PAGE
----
Okinawa Travel Guide 沖縄
The palace of the Ryukyu kings is an Okinawa symbol.
The Shureimon gate, another local symbol, has clear Chinese influences in its design.
The beaches of Miyako Island are a dream come true!
The jungle of Iriomote is protected, as it's the home of several unique animal species.
The villages of Taketomi island with their stone walls and tiled roofs are havens of peace.
Japan of the South Sea
Okinawa is often overlooked by tourists although it is only a two and a half hour flight from Tokyo. The islands maintain the image of a world apart, different from the main islands of Japan, with their own dialect, history, and that little something else that is reminiscent of the the South Sea Islands.
Historically the people of the Ryukyu archipelago became Japanese rather late in the game. The various kingdoms of Ryukyu were at war for a long time, hence the numerous castles present on the islands, before being unified in the sixteenth century and then conquered by the Satsuma clan in 1609. It was not until the nineteenth century that the archipelago was annexed by Japan. Okinawa was also the seat of fierce fighting against the Allied forces during the Second World War. There is still a major US military base on the main island today.
This very dispersed group of islands is a true natural treasure, with numerous UNESCO listed sites. The islands are classified in three groups: Okinawa, Miyako and Yaeyama, all with their specific charms.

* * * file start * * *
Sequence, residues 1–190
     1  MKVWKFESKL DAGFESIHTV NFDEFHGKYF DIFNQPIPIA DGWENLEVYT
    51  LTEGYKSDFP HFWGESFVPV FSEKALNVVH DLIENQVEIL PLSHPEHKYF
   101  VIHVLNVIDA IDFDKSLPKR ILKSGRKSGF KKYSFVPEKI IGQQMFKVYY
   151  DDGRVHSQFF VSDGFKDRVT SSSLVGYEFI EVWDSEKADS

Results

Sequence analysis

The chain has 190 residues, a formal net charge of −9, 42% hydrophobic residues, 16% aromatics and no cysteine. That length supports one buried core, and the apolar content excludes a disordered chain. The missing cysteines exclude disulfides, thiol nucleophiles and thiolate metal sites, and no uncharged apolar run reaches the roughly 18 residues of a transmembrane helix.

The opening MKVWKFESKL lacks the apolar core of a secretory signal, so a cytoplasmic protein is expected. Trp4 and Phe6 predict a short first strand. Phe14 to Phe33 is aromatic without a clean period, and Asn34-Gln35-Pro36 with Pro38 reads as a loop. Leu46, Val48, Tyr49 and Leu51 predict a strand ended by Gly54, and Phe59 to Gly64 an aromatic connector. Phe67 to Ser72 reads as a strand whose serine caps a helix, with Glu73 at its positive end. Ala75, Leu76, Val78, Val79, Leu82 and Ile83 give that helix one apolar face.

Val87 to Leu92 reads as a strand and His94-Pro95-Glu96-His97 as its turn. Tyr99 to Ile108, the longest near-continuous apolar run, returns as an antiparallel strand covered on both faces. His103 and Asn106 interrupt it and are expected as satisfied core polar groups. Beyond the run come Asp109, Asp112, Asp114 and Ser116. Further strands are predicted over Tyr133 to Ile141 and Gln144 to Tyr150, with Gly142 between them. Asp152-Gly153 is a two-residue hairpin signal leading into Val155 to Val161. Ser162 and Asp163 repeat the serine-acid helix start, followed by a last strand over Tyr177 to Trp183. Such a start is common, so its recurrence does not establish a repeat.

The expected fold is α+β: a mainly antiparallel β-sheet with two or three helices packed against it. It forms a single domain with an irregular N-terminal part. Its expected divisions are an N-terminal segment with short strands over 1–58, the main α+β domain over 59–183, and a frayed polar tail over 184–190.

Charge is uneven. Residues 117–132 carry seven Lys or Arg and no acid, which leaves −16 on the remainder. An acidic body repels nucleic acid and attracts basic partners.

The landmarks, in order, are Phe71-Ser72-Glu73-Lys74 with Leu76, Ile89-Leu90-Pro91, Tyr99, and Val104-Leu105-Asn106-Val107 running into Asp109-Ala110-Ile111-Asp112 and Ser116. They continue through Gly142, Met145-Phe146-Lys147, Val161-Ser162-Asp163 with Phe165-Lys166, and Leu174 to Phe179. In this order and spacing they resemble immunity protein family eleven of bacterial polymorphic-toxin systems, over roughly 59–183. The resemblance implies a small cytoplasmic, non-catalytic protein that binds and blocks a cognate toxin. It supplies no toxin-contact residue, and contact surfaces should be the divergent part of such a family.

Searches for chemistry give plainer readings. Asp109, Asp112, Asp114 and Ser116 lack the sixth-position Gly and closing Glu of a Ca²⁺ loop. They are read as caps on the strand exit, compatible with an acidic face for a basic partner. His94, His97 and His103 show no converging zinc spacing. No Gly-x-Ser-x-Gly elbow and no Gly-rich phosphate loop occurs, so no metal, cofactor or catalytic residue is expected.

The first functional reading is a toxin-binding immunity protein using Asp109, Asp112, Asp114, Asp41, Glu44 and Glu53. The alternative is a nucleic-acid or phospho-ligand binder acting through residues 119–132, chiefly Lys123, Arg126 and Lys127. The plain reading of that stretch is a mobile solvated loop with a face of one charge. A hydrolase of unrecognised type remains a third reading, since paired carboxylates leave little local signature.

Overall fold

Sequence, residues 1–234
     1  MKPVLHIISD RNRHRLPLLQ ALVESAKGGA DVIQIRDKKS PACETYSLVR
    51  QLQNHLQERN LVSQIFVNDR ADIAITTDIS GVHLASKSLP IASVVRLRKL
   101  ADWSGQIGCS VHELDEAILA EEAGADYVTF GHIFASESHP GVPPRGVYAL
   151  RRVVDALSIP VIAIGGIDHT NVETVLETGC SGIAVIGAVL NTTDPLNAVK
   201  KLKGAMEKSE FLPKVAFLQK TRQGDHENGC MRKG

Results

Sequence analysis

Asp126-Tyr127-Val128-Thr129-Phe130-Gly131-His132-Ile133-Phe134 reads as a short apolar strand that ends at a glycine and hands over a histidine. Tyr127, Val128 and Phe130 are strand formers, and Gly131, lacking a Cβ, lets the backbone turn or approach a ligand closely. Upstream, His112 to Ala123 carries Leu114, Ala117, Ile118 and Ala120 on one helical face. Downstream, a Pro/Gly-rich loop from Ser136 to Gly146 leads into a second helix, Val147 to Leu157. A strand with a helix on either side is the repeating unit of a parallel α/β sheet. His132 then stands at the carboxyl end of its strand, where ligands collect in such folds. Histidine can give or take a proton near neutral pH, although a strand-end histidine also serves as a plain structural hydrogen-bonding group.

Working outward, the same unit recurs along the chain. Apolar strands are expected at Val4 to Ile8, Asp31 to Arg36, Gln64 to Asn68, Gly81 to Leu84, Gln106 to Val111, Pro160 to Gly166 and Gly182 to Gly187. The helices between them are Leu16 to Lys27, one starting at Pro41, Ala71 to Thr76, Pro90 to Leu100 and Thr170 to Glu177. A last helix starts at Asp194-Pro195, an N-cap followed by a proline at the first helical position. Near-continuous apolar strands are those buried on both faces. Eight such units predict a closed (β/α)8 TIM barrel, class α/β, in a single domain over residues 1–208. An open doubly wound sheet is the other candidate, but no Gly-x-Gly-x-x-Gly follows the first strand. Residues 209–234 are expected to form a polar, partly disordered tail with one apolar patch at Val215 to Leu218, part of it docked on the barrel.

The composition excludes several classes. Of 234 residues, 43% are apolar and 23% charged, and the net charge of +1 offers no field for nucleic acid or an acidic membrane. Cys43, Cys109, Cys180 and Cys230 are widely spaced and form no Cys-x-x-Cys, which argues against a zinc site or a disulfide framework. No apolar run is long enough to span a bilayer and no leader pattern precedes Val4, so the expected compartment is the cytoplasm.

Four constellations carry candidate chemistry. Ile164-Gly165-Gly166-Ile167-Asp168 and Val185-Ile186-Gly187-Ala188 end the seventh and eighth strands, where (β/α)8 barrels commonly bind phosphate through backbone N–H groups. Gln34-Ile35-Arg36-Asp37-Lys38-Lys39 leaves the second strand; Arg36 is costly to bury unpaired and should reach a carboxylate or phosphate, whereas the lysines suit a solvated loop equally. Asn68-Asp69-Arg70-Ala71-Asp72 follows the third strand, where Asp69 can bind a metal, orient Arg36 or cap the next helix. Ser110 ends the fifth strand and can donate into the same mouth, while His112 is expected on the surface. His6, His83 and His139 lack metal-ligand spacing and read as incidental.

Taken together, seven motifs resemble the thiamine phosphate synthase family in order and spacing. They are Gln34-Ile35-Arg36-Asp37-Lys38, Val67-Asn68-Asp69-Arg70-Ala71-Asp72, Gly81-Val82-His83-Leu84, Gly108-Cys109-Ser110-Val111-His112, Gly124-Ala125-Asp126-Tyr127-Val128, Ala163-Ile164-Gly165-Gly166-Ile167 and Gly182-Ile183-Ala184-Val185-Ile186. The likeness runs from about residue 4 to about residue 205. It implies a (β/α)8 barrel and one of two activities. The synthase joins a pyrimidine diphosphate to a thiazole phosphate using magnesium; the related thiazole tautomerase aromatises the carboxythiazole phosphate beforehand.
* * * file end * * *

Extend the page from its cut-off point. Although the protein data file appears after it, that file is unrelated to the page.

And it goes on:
Okinawa, the mini Hawaii
The main island of Okinawa Honto and its capital, Naha, offer visitors a wide variety of attractions. It proudly displays its typical relaxed lifestyle, like in the Tsuboya District and in Naha itself. The American presence is strongly felt around the base in the American village. You will find all the entertainment of a small Hawaii, including cocktails. The island shares the souvenirs of its history, such as Shuri Palace of the Ryukyu kings, the ruins of Nakagusuku Castle and the former underground headquarters of the Imperial Navy.
Miyako, white sandy beaches
The small islands of Miyako, in the center of the archipelago, are known for their white sandy beaches and turquoise waters. They're true Pacific beaches with their coral reefs. It is a good place for scuba diving and relaxing in the sun. Maehama and Yoshino beaches are the best-known.
Yaeyama, wild beauty and Ryukyu culture
The most remote islands form the Yaeyama group, which interests visitors who enjoy nature and traditional culture. The large island of Iriomote, which is fully protected, is famous throughout Japan for its jungle and wild cats. Similarly, the island of Taketomi has the best-preserved traditional villages in Okinawa. Visits are made in carts pulled by water buffalo.
The food on Okinawa is varied and delicious: a mixture of several influences reflected in its most famous dish, champuru, a dish based on sauteed local vegetables. Okinawa is like its cuisine, halfway between Japan and the culture of the Pacific islands.
There are 3-8 direct flights per day to Naha from the main cities of Japan (Tokyo, Osaka, Fukuoka...). Flights take between two and two and a half hours.
Direct flights connect Miyako and Ishigaki island to Tokyo and Osaka (a three to three and a half hour flight).
Journeys on the islands are made by bus or by bike. It may be worthwhile to rent a car on the main island.
Ferries connect the small islands of the same group together, but the plane is the main means of transport between Okinawa, Miyako and Yaeyama. Flights between the islands take about thirty minutes.